Most people have checked out what their name means.  I’m not talking about surnames and family histories, but your “given” first name.  The study of names is called onomastics. It can lead you into linguistics, history, anthropology, sociology and philology.

When people ask what is the meaning of a name, they are really asking for the etymology – the origin of the name. This etymology, as with most words, is a kind of history of the language(s) where the name was first used, the ways it has changed over the years, and the meaning of the words or roots that are contained within the name.

I know that my mom chose Kenneth as my name because it was the name of a boy she had a crush on in high school. But she claimed that she had also looked in a book of baby names and liked that it meant, in its origin, “handsome.”

I discovered that ken is from Scottish meaning “to know” which goes back to the Norse “kenna“, also meaning “to know.” The word cennan “make known, declare, acknowledge.”

The name developed from the convergence of two Irish Gaelic names – Cinaed (”fire born”) and Cainnech (meaning ”Good-looking”). Scots Gaels are descendants of the Irish. The two cultures developed distinct cultures, but it explains how Kenneth, from two Irish Gaelic names, became identified with Scotland. The Scots surname MacKenzie mean “son of Kenneth.”

The noun ken means “range of sight” and goes back to the late 1500s and is a nautical abbreviation of kenning. Today the word ken usually means cognizance or the range of what one can know or understand, as in the usage “beyond my ken.” I like this attachment to my name of the idea of the range of vision.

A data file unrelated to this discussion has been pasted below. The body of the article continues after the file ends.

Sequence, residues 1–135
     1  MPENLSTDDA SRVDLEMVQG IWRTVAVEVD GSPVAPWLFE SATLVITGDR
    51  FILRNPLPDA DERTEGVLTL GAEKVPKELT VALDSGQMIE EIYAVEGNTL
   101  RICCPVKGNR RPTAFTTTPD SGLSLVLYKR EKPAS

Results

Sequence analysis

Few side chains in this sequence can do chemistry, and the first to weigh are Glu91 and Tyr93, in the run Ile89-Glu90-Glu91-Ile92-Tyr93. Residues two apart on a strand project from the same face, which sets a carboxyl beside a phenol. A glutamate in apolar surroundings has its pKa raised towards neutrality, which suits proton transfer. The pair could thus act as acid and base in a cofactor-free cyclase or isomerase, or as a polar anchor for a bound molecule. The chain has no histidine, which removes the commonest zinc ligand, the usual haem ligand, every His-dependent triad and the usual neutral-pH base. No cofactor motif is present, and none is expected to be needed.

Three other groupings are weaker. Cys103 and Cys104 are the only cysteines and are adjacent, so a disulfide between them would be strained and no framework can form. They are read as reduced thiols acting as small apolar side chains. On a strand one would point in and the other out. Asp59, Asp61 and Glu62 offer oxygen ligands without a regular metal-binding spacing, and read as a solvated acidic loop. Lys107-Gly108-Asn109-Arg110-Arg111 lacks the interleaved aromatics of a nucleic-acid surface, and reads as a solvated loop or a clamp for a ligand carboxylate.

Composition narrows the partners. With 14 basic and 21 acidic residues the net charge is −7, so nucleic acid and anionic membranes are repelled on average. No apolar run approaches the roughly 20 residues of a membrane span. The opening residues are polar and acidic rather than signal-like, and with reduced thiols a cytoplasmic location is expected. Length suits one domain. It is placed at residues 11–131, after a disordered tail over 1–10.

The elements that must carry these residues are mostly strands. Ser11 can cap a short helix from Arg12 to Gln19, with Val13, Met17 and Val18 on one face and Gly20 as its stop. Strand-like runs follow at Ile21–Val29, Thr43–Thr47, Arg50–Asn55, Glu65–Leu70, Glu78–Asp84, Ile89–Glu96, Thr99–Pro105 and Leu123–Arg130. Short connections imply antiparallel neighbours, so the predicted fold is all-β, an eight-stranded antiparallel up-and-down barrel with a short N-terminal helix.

The kèn is also an instrument used in traditional Vietnamese music. It it similar to an oboe with a double reed and a conical wooden body.

A ken (“bay” in English) in Japanese architecture is both a term for the distance between pillars and a unit of measurement. Ken is also a Japanese name which can have many different meanings depending on the kanji used. (Kanji are the Chinese characters used in the modern Japanese logographic writing system.)

But, my favorite discovery in looking at my name was following its use in two Japanese traditions.

First, is its use in the I Ching (a form of divinatory practice used for predicting the future taken from the ancient Chinese The I Ching or Book of Changes) which uses 64 hexagrams.

Hexagrams are patterns of 6 broken and unbroken lines. The hexagram for Ken means the mountain spirit.

It’s representations include:
Family: Youngest Son
Body Part: Hand
Compass Point: Northeast
Element: Wood
Season: Late Winter/Early Spring
Natural Element: Mountain

This hexagram comprises one unbroken Yang line above two broken Yin lines. It signifies stillness, waiting and solitude.  It is symbolic of the youngest son, who is quiet, still and stubborn and who is the limit and end of the family.

It is suggestive of the Palace of the Immortals, never-ending images that start and finish everything. It also symbolizes closure and a finishing of things, for example a rounding off. However the endings are all with new beginnings in mind. It is also symbolic of the power to put into words one’s achievements that have now come to a close.

Another Japanese usage that I like is  kenshō (見性) which is a Japanese term for an enlightenment experience. It is usually used within the study of Zen Buddhism.  Literally it means “seeing one’s nature” or “true self.”

Kenshō experiences are tiered and escalate from initial glimpses into the nature of mind, on to an experience of emptiness, and then perhaps on to Buddhahood. They are a briefer experience than satori.

I mix all these together and envision a solitary figure on the mountaintop in early spring seeking enlightenment.

Do you think we grow into our names or become more like our names? Or, are we somehow named with some mystical process involved so that our names are cosmically chosen for us?

Or is it because your mom had a crush on a kid in high school with that name?

Want to start some searching on your name?